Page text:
Wildlife Wednesday: Dawn Chorus

High Wood Binfield Heath Bluebells

If your children have become super early risers in the last month of so then there is a silver lining to that sleep-deprived cloud. Along with the natural alarm clock of lighter mornings and sunnier skies also comes a fantastic audio track of nature’s finest conjuring. The dawn chorus is back and it is well worth a listen.

In the last few weeks I have had a couple of early wakes and it has been wonderful to throw open the windows and let the sound of bird song flood inside with the cool morning air as I retreat back under my duvet to listen. Things begin about an hour before dawn when birds like the blackbird and robin start things off. Soon other birds join in and before long it becomes impossible to distinguish individual voices in this wonderful natural cacophony. The chorus peaks either side of dawn before tailoring off to normal bird activity around 40-60 minutes after sunrise.

The dawn chorus is at its best between April and July, with the peak time around May. The birds are singing to attract mates and mark out territories and as more migratory birds return with the warmer weather, the chorus swells further. It’s thought that once birds find a mate they quieten down and stop making such an effort (I guess relationships are the same across human and animal kingdom!) making me feel for those lonely hearts still singing their souls out at the end of the season!

For those learning to recognise a bird or two by its call then the start of the chorus is a brilliant time to pick out individual voices. The air is often calm at this time and there is very little background noise, making the bird song crystal clear on fine days.


Some of our visiting garden pheasants…the late risers it seems of our local dawn chorus.

Whilst we live in the countryside and hear birds like the seemingly lazy lay-in pheasant joining in towards the end of the chorus, cities are by no means exempt from dawn chorus action. In fact there is research to suggest that birds sing louder and at higher frequency in the city, so as to be heard above the constant noise of traffic and urban life. As a result, the dawn chorus whilst perhaps not always quite as varied in species, is still impressive with the reduction in background noise amplifying its effects.

If you are prepared to get up and out at such an early hour then it’s worth a visit to your local nature reserve, with many of them putting on special guided dawn chorus events, some of which children are also welcome to join. Do check early morning opening hours/access though. City dwellers are not exempt – there are often nature reserves lurking in the middle of even the busiest cities, with London Wetlands Centre a good example in the UK capital. Check out the RSPB and Wildlife Trusts’ events pages for details of events close to you. Parks, woodland and other open spaces are also perfect but do take the obvious safety precautions at a quiet time of day. Make a mini-adventure of it for the kids with a picnic breakfast and hot choc from a thermos!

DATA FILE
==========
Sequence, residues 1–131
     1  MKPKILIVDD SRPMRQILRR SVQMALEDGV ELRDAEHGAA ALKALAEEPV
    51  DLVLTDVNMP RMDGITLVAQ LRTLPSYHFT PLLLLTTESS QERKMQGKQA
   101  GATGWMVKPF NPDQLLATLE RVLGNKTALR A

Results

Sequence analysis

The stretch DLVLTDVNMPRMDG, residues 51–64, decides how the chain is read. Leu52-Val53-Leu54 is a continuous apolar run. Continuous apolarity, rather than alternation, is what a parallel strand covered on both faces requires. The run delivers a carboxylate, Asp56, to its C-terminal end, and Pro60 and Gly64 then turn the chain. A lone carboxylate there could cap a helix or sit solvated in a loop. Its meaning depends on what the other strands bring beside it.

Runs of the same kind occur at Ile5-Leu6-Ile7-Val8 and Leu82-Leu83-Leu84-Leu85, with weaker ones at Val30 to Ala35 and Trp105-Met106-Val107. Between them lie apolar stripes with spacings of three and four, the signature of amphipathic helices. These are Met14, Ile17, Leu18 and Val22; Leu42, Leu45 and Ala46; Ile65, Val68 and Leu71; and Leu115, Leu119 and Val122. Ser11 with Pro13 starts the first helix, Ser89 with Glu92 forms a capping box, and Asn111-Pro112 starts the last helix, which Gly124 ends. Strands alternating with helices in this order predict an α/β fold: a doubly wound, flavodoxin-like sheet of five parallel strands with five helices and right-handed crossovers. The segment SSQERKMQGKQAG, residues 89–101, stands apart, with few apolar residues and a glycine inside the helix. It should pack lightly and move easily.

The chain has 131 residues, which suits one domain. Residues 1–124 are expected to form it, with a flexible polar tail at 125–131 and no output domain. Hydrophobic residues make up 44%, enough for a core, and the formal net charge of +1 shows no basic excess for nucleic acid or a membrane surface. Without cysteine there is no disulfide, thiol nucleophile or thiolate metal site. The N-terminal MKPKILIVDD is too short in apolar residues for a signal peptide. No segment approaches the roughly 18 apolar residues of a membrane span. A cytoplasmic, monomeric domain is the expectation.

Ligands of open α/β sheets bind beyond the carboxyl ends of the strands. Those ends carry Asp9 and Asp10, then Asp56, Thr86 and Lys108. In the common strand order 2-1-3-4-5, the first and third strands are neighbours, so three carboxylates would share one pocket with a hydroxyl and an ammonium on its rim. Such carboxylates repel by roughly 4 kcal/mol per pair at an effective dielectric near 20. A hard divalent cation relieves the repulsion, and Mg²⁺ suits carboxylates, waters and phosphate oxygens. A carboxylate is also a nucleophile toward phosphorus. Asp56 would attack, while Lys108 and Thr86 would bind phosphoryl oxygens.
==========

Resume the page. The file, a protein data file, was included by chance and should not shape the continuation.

You don’t need to go out at all though. An open window will do the trick. The video below features an audio clip I took from an open window a few days ago of our garden birds at dawn. Not exactly shy and retiring are they?! The photos are from a recent family breakfast in the bluebells adventure we went on – not quite as much bird song going on as at dawn but we still heard plenty.

 In our household we are, at the moment (I’m tempting fate here), blessed with children who sleep in until after the birds have risen. Whilst I have been tempted, there is no way I am waking a sleeping preschool child during a regular week so our dawn chorus listening will have to wait until our upcoming early start for the airport. Spring and summer camping trips are also a great opportunity to tune into nature sounds with little ones – I find ours never sleep late under canvas!

Alternatively, take some time around dusk to slip outdoors with the kids and listen to the birds’ bedtime songs. The chorus at dusk is not so loud or intense as at dawn and there is a bit more background noise but it is still there, with many territorial birds preferring this time when other noises have dimmed to stake out their homes one last time before nightfall. In the city, where competition to be heard is even tighter, the birds have even been known to continue singing into the night.

If dawn and dusk are just not possible then do go for a family stroll in woodland over the coming weeks. The birds still sing during the day and I always find that amongst a mass of trees, bird song seems to be amplified. If you live in the north you may even catch the end of bluebell season whilst you are there, though they are all fading now in our Oxfordshire woods.

As for those sleepy-eyed parents with the enthusiastic mini early-risers? Throw those windows open, let spring in and slink back to bed whilst the kids compete to see who can hear the most different birds’ songs in half an hour. Who knows, it might just work!

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